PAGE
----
Anaheim Urged to Deal With Disney on Big A Revamp


In the strongest show of public support since the Walt Disney Co. and the city began negotiating a deal to renovate Anaheim Stadium and keep the California Angels playing there, dozens of people, including former Angel and Disney brass, urged the City Council on Tuesday to reach a deal with the entertainment giant.

Jack Lindquist, former president of Disneyland, said of Anaheim and Disney: "Whether you all like it or not, you are married for life."

Lindquist, speaking at a crowded City Council meeting, called Disney's proposal to pay for $70 million worth of the estimated $100 million in renovations a good one and said it gives Anaheim a chance "to become one of the major sports capitals in the United States."

A majority of the council has indicated support for the cost-sharing offer, but other points of the deal--including a new lease for the Angels--still need to be worked out.

The council met for 2 1/2 hours behind closed doors Tuesday night to weigh the latest offer from Disney, emerging grim-faced and refusing to comment. The two parties have been meeting virtually around the clock in recent days trying to reach a final agreement before a Disney-imposed deadline Sunday, city officials said.

As the evening wore on, top city officials paced outside, and several Disney officials waited for the council to emerge, including Disney Sports Enterprises President Tony Tavares, who has been a lead negotiator.

If an agreement is not reached by Sunday, Disney has the option of walking away from its partial purchase of the Angels, leaving majority owners Gene and Jackie Autry in search of a new buyer.

Sources said some troublesome issues that remain include the length of a new lease, which the city has said must be for at least an additional 30 years after the current lease expires in 2001. Also unresolved are the logistics of Sportstown Anaheim, the sports, entertainment and retail complex proposed for property around the Big A, and issues surrounding the possibility of a new National Football League team coming to Anaheim.

Although some have questioned whether the city should use $30 million in taxpayer funds to help Disney renovate the multi-sport stadium into a baseball-only venue, a parade of speakers Tuesday night asked the council to be flexible.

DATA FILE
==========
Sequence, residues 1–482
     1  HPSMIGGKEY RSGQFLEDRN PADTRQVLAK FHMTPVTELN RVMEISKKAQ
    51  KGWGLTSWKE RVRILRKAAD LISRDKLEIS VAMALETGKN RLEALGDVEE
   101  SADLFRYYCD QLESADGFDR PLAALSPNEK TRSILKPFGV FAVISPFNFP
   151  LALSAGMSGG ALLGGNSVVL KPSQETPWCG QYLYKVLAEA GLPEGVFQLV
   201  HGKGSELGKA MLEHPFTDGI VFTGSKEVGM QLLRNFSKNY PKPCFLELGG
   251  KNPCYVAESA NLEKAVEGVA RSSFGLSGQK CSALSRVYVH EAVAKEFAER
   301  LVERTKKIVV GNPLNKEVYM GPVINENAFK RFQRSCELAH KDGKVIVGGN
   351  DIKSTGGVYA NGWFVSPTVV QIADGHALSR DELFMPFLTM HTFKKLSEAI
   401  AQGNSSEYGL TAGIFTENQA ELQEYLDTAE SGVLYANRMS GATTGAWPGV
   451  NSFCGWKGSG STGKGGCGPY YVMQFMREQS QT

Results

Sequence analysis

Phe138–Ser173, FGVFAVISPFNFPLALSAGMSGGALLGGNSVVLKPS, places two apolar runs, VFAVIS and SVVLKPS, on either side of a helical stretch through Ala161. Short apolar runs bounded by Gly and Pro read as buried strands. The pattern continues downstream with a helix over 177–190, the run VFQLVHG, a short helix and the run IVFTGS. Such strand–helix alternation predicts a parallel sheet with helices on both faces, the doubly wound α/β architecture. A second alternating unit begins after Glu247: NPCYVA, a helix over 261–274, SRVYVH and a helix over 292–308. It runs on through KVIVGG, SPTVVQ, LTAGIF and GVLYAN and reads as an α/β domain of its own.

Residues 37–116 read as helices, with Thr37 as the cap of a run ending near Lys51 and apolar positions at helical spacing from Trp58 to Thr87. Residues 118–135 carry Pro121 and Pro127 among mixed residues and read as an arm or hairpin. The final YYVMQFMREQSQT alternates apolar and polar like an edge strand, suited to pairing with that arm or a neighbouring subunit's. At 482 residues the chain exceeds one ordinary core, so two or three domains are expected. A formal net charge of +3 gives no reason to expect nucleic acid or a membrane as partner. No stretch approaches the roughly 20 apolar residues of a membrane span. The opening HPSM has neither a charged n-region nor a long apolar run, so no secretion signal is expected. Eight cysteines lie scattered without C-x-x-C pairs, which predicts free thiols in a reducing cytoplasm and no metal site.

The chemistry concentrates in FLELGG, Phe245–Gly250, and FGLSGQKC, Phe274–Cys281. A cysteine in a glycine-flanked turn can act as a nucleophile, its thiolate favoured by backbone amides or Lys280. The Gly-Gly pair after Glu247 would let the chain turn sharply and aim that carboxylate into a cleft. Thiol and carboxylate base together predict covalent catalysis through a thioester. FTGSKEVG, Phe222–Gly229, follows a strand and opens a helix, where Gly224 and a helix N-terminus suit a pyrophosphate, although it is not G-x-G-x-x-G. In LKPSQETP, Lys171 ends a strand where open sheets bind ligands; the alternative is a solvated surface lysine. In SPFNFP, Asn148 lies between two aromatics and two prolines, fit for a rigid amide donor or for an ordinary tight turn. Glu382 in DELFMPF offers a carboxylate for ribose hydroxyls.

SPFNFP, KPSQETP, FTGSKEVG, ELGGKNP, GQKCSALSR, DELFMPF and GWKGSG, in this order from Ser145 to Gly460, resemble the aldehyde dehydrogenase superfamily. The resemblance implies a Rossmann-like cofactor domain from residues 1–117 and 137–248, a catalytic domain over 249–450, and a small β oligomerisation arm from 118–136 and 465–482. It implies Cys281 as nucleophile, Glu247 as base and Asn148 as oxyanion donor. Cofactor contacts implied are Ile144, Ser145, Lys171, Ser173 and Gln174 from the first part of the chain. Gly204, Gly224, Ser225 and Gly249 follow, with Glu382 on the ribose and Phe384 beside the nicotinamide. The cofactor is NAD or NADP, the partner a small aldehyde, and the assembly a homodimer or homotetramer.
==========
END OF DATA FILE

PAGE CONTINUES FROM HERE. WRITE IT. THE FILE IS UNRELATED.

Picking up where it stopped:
"This is a can-do city of big dreams and making things happen," local business leader Stanley J. Pawlowski said. "A decision needs to be made. We can move forward, stand still, or move backward."

Former Angels pitcher Bert Blyleven recalled how he grew up watching Angels games at the stadium.

"It really helped me stay out of trouble," he said. "Orange County deserves a major league baseball team and I hope we never lose that in Anaheim."

Said former Anaheim City Manager Keith Murdock: "Anaheim has a history, a beautiful history based on the faith that its people and leaders have. Find a way to take the bold step."

Jackie Autry said Tuesday evening that neither side had discussed with her the possibility of extending the deadline.

"I understand many major issues were resolved and some are still unresolved," Autry said. "I don't know if there are new issues."

Disney officials declined to comment Tuesday on any of the negotiations but stressed that they do want the March 17 deadline to be met.

"We'd like to get the situation resolved by March 17 and we are working toward that," said Disney Sports Enterprises spokesman Bill Robertson. "That has been our position all along."

At least three members of the council last week had tentatively agreed to a 70-30 split on the renovation costs, with Disney paying the larger portion. Other key issues that appeared to be settled were changing the team's name to Anaheim Angels and turning over operations of the city-owned stadium to Disney.

But even those deal points did not have the endorsement of the entire council. Councilmen Bob Zemel and Tom Tait have stated their opposition to what has been presented to the council so far. But only three of the five council members need approve for the deal to be completed.

Zemel, who has been particularly vocal with his reservations, does not believe the city is guaranteed a way to recoup its $30-million investment. He has also complained that if the deal goes through it will eliminate any chance of a National Football League team playing at the Big A this fall.

City resident Jeff Kirsch asked the council Tuesday to move cautiously, and called the possibility that they would use taxpayer funds to pay for renovations "quite troubling." Kirsch said the issue deserves a more extended period of public discussion before a final decision is made.

Times staff writer Chris Foster contributed to this report.

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